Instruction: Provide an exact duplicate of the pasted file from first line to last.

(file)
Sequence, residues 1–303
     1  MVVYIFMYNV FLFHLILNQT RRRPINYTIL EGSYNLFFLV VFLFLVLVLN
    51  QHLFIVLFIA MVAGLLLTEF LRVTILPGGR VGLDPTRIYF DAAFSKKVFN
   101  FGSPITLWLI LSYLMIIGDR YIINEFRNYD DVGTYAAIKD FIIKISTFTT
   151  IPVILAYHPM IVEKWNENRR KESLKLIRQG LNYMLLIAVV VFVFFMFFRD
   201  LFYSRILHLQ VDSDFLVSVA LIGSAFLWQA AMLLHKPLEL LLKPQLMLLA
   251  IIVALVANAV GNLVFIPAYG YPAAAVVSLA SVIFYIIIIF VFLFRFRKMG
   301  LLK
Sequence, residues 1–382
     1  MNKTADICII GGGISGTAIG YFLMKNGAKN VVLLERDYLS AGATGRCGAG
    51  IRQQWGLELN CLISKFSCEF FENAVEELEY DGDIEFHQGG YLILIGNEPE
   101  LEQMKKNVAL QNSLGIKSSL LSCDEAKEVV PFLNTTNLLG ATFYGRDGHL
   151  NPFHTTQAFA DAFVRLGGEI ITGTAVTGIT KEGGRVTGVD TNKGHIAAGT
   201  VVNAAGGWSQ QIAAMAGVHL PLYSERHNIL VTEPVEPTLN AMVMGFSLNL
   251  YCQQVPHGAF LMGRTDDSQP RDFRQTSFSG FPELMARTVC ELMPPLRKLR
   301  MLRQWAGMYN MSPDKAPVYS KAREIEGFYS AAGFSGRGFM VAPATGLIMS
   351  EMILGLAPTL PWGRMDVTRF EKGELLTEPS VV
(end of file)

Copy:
Sequence, residues 1–303
     1  MVVYIFMYNV FLFHLILNQT RRRPINYTIL EGSYNLFFLV VFLFLVLVLN
    51  QHLFIVLFIA MVAGLLLTEF LRVTILPGGR VGLDPTRIYF DAAFSKKVFN
   101  FGSPITLWLI LSYLMIIGDR YIINEFRNYD DVGTYAAIKD FIIKISTFTT
   151  IPVILAYHPM IVEKWNENRR KESLKLIRQG LNYMLLIAVV VFVFFMFFRD
   201  LFYSRILHLQ VDSDFLVSVA LIGSAFLWQA AMLLHKPLEL LLKPQLMLLA
   251  IIVALVANAV GNLVFIPAYG YPAAAVVSLA SVIFYIIIIF VFLFRFRKMG
   301  LLK
Sequence, residues 1–382
     1  MNKTADICII GGGISGTAIG YFLMKNGAKN VVLLERDYLS AGATGRCGAG
    51  IRQQWGLELN CLISKFSCEF FENAVEELEY DGDIEFHQGG YLILIGNEPE
   101  LEQMKKNVAL QNSLGIKSSL LSCDEAKEVV PFLNTTNLLG ATFYGRDGHL
   151  NPFHTTQAFA DAFVRLGGEI ITGTAVTGIT KEGGRVTGVD TNKGHIAAGT
   201  VVNAAGGWSQ QIAAMAGVHL PLYSERHNIL VTEPVEPTLN AMVMGFSLNL
   251  YCQQVPHGAF LMGRTDDSQP RDFRQTSFSG FPELMARTVC ELMPPLRKLR
   301  MLRQWAGMYN MSPDKAPVYS KAREIEGFYS AAGFSGRGFM VAPATGLIMS
   351  EMILGLAPTL PWGRMDVTRF EKGELLTEPS VV